This is an excerpt taken from the Arizona Daily Star. To read more please follow the link listed at the bottom of the page.
Public lands endangered
The spread of buffelgrass has alarmed people who work in Arizona’s national parks and monuments because it grows thick, burns hot and crowds out native plants. Some say the Sonoran Desert could be transformed into a habitat more like an African grassland. Others point out that species unique to this region, like the desert tortoise, will suffer.
Buffelgrass was introduced to southern Arizona in the late 1930s for erosion control and livestock forage. Public-land managers didn’t see any problems with it, partly because they weren’t looking for any. So it spread. By the 1980s, buffelgrass began to show up in Organ Pipe Cactus and Saguaro national monuments.
In the past decade, however, researchers have learned more about the damage buffelgrass can cause.
More grass means more fuel, from two times to 4,000 times more. Some fear that buffelgrass fires will threaten such plants as saguaro, barrel and cholla cactus and paloverde trees. These native plants, which have not evolved with fire, struggle in the aftermath of such blazes.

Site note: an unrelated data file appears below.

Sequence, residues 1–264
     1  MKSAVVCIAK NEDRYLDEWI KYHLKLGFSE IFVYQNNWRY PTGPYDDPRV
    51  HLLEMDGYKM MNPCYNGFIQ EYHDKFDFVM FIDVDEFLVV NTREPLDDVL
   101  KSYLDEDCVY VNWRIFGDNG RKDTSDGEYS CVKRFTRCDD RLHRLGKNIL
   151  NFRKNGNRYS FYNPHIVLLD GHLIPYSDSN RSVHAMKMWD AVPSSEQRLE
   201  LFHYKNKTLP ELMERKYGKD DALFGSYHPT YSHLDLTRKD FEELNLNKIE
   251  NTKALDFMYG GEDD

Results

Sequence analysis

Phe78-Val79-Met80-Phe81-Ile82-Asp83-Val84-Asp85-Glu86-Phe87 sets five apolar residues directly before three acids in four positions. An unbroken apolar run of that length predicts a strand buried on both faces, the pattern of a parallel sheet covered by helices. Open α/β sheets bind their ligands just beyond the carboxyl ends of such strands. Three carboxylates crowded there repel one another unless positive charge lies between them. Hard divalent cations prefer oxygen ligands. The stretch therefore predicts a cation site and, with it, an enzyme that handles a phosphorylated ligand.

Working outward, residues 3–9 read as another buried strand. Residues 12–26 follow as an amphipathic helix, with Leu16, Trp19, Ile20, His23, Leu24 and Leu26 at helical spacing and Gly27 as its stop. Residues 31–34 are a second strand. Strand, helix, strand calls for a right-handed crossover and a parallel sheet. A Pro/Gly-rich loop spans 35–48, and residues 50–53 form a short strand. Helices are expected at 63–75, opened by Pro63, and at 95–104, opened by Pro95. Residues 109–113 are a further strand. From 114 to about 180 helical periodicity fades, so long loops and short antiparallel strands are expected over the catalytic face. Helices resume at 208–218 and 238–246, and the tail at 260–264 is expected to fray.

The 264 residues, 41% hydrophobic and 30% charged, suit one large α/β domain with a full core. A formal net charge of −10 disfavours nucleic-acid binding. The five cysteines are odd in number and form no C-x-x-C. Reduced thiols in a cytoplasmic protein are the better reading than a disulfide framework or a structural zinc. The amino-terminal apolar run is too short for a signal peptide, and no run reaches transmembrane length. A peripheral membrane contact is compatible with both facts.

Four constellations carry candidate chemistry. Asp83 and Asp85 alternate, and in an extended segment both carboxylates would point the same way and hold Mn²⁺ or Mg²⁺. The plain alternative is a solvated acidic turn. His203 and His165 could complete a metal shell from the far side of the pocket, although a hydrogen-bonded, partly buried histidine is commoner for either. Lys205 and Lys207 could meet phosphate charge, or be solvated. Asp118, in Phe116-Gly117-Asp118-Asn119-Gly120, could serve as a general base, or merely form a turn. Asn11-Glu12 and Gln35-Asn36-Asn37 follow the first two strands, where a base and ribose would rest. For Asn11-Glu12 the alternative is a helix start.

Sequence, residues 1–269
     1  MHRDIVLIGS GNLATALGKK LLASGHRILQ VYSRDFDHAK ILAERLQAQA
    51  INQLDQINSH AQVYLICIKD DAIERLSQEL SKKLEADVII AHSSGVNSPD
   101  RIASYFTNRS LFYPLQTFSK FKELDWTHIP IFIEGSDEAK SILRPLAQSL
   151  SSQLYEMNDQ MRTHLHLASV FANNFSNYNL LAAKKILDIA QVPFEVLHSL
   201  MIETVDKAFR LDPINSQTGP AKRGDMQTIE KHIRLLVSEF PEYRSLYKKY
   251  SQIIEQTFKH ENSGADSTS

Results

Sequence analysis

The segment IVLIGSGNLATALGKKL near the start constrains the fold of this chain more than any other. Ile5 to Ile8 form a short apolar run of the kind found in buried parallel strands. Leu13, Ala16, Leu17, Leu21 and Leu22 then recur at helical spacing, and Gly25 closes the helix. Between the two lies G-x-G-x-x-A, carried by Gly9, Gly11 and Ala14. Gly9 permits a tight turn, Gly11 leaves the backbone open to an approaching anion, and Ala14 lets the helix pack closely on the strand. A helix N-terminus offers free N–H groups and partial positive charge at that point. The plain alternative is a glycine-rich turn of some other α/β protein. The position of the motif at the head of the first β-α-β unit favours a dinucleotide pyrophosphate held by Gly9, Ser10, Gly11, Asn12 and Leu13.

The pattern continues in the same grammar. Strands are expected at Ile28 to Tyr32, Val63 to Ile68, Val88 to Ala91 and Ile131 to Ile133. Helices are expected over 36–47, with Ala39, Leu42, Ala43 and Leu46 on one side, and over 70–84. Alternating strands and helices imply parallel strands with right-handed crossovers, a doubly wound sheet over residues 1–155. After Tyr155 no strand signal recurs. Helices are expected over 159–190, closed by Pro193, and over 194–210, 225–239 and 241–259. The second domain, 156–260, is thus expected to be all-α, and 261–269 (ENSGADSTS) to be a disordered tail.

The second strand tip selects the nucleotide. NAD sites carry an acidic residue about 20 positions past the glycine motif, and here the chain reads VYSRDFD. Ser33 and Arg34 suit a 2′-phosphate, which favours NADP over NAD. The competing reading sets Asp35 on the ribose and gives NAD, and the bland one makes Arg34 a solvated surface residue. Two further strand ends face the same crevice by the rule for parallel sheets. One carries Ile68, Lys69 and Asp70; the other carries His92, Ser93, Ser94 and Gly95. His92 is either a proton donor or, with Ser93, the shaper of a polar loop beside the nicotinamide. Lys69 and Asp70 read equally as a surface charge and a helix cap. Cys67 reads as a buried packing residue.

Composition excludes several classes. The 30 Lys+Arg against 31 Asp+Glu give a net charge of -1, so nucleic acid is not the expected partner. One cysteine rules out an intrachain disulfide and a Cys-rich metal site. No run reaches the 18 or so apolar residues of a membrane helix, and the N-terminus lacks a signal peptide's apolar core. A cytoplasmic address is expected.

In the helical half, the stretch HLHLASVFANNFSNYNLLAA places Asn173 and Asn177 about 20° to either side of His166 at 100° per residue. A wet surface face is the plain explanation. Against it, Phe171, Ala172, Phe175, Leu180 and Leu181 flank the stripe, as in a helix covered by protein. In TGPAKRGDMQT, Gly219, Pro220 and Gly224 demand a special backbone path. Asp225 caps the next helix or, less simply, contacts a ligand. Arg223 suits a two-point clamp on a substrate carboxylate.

“It has the capability of basically sterilizing the desert soil,” said Mark Lambert of Ironwood Forest National Monument. By this, he means the soil will no longer support native plants. Buffelgrass, however, can still grow in such an environment.
By the time researchers learned of these dangers, they realized that buffelgrass was already growing thick in southern Arizona.
Various agencies started programs to combat the invasive plant and have since combined their efforts. In April, U.S. Rep. Raul Grijalva, D-Ariz., held a hearing on buffelgrass. Richard Brusca of the Arizona-Sonora Desert Museum in Tucson said in written testimony that the plant could transform the native landscape into a land without saguaro cactus.
“We have already driven dozens of Sonoran Desert plants and animals to extinction,” Brusca wrote, “and hundreds more are now on the verge. The invasion of African buffelgrass is pushing us to a tipping point, where the entire Sonoran Desert ecosystem could collapse.”
Unless action is taken immediately, Brusca wrote, the desert museum will be a museum of what used to be.